When the case came on for trial and the corpus delicti had been proved, the prosecution called Officers Dullea and Lindecker and Sergeant McQuaid as witnesses to the details of the two conversations. The first of these, Dullea, was asked concerning the interview with the defendant on the morning of his arrest. Before Dullea was allowed to answer, counsel demanded the right, and the court permitted him to cross-examine him as to the voluntary character of the conversation. Counsel had not proceeded far, however, when the court directed the district attorney to proceed. This he did, over the objection of the defendant's counsel, and obtained the witness' version of the defendant's statement at that time. Officers Dullea and Lindecker and Sergeant McQuaid were each, in turn, examined as to the confession obtained from the defendant on the morning of June 20th. Upon their being asked to give the statement, the counsel for the defendant, in each instance, requested permission to cross-examine the witnesses as to the conditions under which the statement was made, and as to the free and voluntary nature of the conversation. The court very peremptorily denied the request and, as before, directed the district attorney to proceed.
It is urged by the appellant that the trial court was arbitrary in his rulings in this regard. We agree that this statement is correct.  Before any confession of a defendant can be offered in evidence it must be shown by the prosecution that it was voluntary, and made without any previous inducement, or by reason of any intimidation or threat. This is a preliminary question upon the admissibility of the testimony addressed to the court, and to be determined by it, and not by the jury.  Upon such preliminary inquiry the court should permit a cross-examination of the witness for the purpose of showing the particular circumstances under which the confession was made before permitting the confession itself to be given in evidence. ( People v. Miller, 135 Cal. 69, 71, [ 67 P. 12]; People v. Loper, 159 Cal. 6, 17, [Ann. Cas. 1912B, 1193, 112 P. 720].) Unless that is done the trial court is not in a position to rule understandingly on the question of the admission of the confession. Great injury may be done to a defendant by the admission in evidence of a confession which further examination may disclose does not possess the necessary element of being free and voluntary. The only safe and, we may add, the only fair method to pursue in such cases is to allow a sufficient cross-examination to determine that question before the jury is permitted to hear the evidence tending to establish the confession.
A refusal to permit such cross-examination will not, however, justify a reversal of the judgment, when it appears from the record that the defendant was not prejudiced thereby.  If the cross-examination of the witness after the confession has been given in evidence fails to show that it was not given voluntarily, or fails to impeach his previous testimony in that respect, it is evident that the defendant was not prejudiced by being refused a prior cross-examination. ( People v. Miller, supra.) The claim of appellant that the court unduly limited the cross-examination of the witnesses after the confession was given in evidence, is not borne out by the record. His counsel examined the police officers minutely and at length as to the circumstances under which the confession was made. It only remains to carefully consider the contention that the result of such cross-examination was to show that the confession was not free and voluntary.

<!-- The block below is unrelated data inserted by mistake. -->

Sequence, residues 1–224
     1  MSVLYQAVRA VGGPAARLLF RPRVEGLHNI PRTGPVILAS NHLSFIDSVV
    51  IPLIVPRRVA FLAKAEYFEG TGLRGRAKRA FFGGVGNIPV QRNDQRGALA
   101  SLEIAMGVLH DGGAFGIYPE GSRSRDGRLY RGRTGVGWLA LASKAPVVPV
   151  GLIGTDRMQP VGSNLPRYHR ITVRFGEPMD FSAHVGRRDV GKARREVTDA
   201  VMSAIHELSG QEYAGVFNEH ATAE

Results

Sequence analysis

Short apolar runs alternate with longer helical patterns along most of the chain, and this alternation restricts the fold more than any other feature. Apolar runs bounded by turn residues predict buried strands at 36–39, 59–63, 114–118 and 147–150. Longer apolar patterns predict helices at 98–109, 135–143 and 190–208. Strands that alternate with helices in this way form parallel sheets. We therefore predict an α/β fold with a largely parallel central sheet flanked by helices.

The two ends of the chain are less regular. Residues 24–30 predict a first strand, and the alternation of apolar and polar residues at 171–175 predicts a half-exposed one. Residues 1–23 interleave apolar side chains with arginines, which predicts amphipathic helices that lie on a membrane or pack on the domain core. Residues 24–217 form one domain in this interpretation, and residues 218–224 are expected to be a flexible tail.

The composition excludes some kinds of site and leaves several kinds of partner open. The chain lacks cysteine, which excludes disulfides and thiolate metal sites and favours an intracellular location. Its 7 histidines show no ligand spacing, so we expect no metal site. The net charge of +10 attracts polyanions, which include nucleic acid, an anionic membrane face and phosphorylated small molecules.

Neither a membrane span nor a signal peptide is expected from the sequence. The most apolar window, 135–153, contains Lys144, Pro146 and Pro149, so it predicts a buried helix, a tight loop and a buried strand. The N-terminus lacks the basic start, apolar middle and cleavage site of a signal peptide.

We are satisfied that the first conversation had by the defendant with the police officers immediately following his arrest was only an untruthful statement, made in attempted explanation of his possession of the automobile sold to Baldwin. It did not amount to a confession at all, and need not be measured by the same rules governing our consideration of the circumstances surrounding the confession of June 20th.
The defendant had then been in jail for seven days. The cross-examination of the witnesses disclosed, in substance, the following facts: When he was brought into the consultation-room, Sergeant McQuaid, who did most of the questioning, asked him if he desired to make a statement. One or the other of the officers told him that he did not have to talk unless he wanted to; that they had information about the case and knew he was guilty. He was told who "was with him on the job and how the job was done; that the truth would not hurt him and he better come out with it and tell it." He was further told by McQuaid that "if he told the truth, all right, and if he told anything else that I would write it down just what he told me"; furthermore that they expected him to tell the truth. The defendant then stated, according to the testimony, "I might as well go ahead and tell you then. I did not want to bring Christiansen into it. I was going to save it until I got in court and tell it myself anyway." His complete confession followed.